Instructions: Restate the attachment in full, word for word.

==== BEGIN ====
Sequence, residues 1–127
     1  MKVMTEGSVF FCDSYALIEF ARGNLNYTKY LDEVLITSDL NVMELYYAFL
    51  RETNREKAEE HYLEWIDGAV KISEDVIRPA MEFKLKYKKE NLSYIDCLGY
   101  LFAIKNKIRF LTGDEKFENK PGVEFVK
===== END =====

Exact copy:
Sequence, residues 1–127
     1  MKVMTEGSVF FCDSYALIEF ARGNLNYTKY LDEVLITSDL NVMELYYAFL
    51  RETNREKAEE HYLEWIDGAV KISEDVIRPA MEFKLKYKKE NLSYIDCLGY
   101  LFAIKNKIRF LTGDEKFENK PGVEFVK